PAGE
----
In the near future, Zach works as an advocate for an influential family in the Central Territories. His job is to keep his clients out of jail, but they make it hard for him if they can't keep their mouths shut. He manages to convince his clients not to talk, but as he's getting ready to leave the penal satellite, an escaping prisoner takes him hostage. To his surprise, Zach recognizes the man.
Aron has to consider his next step carefully and quickly. He has to decide if he wants to go for the obvious and predictable, leave the penal satellite as everyone expects him to, or the unexpected but dangerous, stay and wait out the search team. But a familiar face from his days at the Academy makes his choice for him and he decides he's going to take a hostage.
There are a lot of obstacles between Aron and Zach, from Zach's loneliness but fear of commitment to Aron's lack of communication. And if that wasn't enough, their behavior is unfamiliar and they realize they might not be the same people they were in the Academy. Why isn't Zach working for the Marshal's Office as his moral code seemed to dictate? Is Aron more than an escaped prisoner? Will they manage to find a way to find those answers without also destroying what they've got?
From the disk, a hologram of a squat man comes up. The redness of his face is not something that’s usually seen these days with the people adapting to a capricious climate and says more about his level of frustration and anger than words ever could. His judicious use of a handkerchief only serves to reinforce that image.
“Good afternoon, Advocate Miller,” the man says in a sonorous voice. He doesn’t offer a name, probably believing that Zach already knows him. He doesn’t.
“We are aware that you’ve aided a fugitive,” the man says. “You are hereby arrested by the power the Republic invested in me.”
“I’m invoking Code 56 of the PSM,” Zach says dryly.
The man gets redder and the officer twitches.
“Under the Personal Security Model, Code 56, I am allowed not to report an event that caused me to believe I was in danger,” Zach continues. It’s one of the many laws added to make it impossible to get something on the ruling Board or any of their friends. It has conditions, of course, to make sure it applied to the right people, but Zach has enough money to qualify. Add a dash of working with one of the Families, with the pull that provides, and Zach is home free. “My life, as an influential person in society due to my position as Advocate and as a person who gives back generously, was threatened by my abductor if I didn’t keep his secret. I acted with regard to my safety.”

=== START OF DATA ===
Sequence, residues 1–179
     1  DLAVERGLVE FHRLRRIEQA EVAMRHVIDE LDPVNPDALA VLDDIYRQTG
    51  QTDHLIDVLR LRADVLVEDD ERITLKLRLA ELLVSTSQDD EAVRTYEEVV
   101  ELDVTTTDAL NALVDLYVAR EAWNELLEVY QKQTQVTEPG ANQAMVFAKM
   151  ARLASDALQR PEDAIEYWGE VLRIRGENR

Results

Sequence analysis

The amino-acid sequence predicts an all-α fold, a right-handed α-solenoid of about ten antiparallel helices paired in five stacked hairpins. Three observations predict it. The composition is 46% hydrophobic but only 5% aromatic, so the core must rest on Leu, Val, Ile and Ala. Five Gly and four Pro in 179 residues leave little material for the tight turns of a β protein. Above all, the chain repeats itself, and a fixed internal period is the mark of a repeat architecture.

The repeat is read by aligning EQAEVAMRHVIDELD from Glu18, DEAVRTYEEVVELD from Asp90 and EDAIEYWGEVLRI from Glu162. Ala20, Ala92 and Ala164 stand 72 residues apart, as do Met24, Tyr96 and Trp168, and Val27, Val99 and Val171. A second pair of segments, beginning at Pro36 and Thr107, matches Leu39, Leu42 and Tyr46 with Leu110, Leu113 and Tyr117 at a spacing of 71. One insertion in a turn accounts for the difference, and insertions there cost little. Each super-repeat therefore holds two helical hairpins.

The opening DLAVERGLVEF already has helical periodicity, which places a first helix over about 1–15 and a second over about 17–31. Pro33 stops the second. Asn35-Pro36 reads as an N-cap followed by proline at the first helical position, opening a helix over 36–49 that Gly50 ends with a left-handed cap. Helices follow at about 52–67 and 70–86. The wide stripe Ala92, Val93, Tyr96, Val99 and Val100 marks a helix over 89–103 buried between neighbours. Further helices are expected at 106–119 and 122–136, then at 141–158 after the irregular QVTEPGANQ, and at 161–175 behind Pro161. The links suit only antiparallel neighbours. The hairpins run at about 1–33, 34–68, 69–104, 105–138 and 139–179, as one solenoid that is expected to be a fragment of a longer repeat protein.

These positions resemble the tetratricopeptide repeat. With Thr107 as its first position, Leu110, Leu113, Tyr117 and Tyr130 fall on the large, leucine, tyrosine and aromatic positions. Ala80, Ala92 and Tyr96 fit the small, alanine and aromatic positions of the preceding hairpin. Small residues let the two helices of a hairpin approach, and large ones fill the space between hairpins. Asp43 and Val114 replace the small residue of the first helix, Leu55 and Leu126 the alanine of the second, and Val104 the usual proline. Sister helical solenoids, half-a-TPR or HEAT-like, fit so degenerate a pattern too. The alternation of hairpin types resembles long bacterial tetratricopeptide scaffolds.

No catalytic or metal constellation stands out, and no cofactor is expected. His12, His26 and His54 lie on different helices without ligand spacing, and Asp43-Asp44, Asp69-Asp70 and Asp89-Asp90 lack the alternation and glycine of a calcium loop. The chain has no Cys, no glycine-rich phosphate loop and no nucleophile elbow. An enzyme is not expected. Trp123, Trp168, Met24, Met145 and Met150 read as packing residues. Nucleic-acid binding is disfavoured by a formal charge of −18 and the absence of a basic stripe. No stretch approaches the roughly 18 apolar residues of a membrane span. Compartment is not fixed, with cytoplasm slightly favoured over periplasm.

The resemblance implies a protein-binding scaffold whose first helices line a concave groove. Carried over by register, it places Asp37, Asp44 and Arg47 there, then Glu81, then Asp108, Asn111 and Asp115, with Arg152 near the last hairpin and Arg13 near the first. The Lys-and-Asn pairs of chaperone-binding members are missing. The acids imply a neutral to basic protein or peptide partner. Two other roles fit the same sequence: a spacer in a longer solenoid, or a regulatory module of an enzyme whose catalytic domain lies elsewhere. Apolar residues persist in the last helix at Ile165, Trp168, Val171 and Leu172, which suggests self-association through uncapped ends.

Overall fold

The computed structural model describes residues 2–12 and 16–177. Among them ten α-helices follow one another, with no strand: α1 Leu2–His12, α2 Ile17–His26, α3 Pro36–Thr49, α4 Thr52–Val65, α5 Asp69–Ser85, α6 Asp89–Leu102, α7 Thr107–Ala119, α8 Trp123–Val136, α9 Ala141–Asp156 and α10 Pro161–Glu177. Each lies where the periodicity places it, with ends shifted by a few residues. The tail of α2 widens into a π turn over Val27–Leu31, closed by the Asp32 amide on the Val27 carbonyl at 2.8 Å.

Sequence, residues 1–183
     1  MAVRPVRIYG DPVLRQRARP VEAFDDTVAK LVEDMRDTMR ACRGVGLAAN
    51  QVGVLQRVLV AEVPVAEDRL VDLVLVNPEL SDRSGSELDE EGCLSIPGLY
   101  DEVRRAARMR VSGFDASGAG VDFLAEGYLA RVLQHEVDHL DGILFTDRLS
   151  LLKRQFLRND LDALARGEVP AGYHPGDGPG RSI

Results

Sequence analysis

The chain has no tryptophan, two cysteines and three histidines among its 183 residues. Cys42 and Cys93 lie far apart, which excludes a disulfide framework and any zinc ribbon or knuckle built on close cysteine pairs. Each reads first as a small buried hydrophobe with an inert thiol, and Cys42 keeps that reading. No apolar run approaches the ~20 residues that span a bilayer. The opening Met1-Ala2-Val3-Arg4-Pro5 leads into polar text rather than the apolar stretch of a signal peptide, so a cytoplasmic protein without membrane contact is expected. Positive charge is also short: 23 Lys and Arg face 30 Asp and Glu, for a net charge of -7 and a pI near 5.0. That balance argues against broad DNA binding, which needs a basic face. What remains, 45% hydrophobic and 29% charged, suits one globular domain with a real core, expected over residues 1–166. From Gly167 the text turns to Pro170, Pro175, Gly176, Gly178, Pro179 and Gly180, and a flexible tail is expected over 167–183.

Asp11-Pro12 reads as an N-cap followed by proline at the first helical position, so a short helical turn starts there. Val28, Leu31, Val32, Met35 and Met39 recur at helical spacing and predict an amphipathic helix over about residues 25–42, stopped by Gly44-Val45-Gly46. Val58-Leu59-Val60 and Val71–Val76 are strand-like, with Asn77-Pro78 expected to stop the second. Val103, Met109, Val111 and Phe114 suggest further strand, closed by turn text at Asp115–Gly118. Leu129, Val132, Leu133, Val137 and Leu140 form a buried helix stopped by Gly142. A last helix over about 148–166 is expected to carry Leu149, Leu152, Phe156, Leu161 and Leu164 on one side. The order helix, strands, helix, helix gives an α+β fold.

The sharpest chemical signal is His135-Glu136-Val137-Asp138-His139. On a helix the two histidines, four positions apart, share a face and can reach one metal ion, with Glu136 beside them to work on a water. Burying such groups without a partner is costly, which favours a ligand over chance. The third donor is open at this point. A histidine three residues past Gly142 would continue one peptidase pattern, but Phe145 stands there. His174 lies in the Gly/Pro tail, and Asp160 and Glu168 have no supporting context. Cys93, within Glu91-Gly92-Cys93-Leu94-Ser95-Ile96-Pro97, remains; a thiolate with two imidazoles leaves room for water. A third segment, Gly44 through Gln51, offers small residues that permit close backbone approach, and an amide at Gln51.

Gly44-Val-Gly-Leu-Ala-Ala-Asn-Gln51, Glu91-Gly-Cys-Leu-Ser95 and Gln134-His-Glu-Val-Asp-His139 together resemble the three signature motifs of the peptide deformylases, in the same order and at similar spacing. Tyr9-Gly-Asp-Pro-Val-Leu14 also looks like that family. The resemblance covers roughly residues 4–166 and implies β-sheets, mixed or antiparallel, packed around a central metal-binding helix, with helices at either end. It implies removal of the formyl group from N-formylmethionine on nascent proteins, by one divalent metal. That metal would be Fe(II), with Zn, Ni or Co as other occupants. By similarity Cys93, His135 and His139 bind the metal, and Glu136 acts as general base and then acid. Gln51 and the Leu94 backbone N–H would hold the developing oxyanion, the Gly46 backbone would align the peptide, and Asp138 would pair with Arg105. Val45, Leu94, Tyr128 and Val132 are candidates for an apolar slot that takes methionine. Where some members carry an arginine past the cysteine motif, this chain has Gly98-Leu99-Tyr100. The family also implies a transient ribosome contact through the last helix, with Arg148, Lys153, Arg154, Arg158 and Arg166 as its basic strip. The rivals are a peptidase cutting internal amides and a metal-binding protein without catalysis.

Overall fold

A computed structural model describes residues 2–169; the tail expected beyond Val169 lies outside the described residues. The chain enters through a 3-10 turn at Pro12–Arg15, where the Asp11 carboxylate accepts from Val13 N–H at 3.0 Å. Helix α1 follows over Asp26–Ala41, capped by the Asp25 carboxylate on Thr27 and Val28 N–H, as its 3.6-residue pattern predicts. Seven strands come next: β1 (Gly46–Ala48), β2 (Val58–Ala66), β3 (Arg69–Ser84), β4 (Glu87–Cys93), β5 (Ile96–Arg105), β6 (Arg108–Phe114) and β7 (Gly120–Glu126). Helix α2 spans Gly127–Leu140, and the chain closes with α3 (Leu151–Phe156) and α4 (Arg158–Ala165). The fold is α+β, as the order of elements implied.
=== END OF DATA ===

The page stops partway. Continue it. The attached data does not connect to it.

The man clenches his teeth so hard, Zach can hear them grind together. “And would the perpetrator of such an act admit to it in court?”
Zach is sure that Aron would. He chose one of the most expensive ships for comfort, yes, but he probably had other reasons for it too. Maybe not that exact reason, but he’d go with it if Zach offered. Aron isn’t the most accommodating man, but he can be if the situation doesn’t cause him added headache. This would qualify.
However, “He doesn’t need to. I am an Advocate, please cease offending me. He had a weapon; he didn’t need it. He issued a threat; he didn’t need to. He’s not an actual suspect, he’s a White Hat and he didn’t need to tell me that either.” Zach’s voice is ice-cold. This is too much like them. “All you need is my say-so. And -- I -- say -- so.”
The man glares. “Listen here, Mr. Miller, you don’t take that tone with me! I will not be --”
“I would return the insult, only I have no idea what your name is or what title I’m deliberately ignoring,” Zach talks over him, his deep, icy tone, cutting through the man’s flustered spluttering.
“I am Caretaker Higgs of the Central Territories’ Forced and Probationary Community Services!” the man shouts, voice higher than the regular male register.
“It is my honor to meet a person of your status,” Zach says by rote but still polite. He has to be careful not to push it too far, his pull has limits. It’s also much more fun this way. Plus, “Mr. Higgs, I have enough reason to argue the point further, but the fact of the matter is that I know there won’t be a trial. Now, are we all friends here, or aren’t we?” He can be a gracious winner.
“We are,” Higgs spits, after a pause. “Did he say where he was going?”
“No,” Zach answers promptly, helpful smile at home on his lips. It’s a well-worn mask.
Higgs grinds his teeth again. “Did you ask?”
“Why in the Rep -- didn -- yo --?!” And the rest is completely lost in even more incoherent shouts.
Zach waits until Higgs stops and then says, “I’m afraid the only thing I was interested in was his mouth. It didn’t disappoint.”
“You!” Higgs reacts viciously and Zach fixes him with the mother of all icy glares. But Higgs is beyond reason. He continues, in the same impassionate vein, “You disgusting little worm! You’re not better than a criminal and not only do I have to put up with you and the rest of your obnoxious cockroaches of cl --”
This time, Higgs is interrupted by the officer fake coughing. Higgs freezes, paling. Zach lifts an eyebrow.
“You were saying?” Zach asks pleasantly.
Higgs swallows hard.